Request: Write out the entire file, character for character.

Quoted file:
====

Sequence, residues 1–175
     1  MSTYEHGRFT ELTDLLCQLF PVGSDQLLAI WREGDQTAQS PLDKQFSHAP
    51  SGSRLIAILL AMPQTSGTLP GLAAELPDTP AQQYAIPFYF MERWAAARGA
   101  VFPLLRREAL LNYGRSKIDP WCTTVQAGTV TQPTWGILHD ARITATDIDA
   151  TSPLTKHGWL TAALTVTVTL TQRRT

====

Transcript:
Sequence, residues 1–175
     1  MSTYEHGRFT ELTDLLCQLF PVGSDQLLAI WREGDQTAQS PLDKQFSHAP
    51  SGSRLIAILL AMPQTSGTLP GLAAELPDTP AQQYAIPFYF MERWAAARGA
   101  VFPLLRREAL LNYGRSKIDP WCTTVQAGTV TQPTWGILHD ARITATDIDA
   151  TSPLTKHGWL TAALTVTVTL TQRRT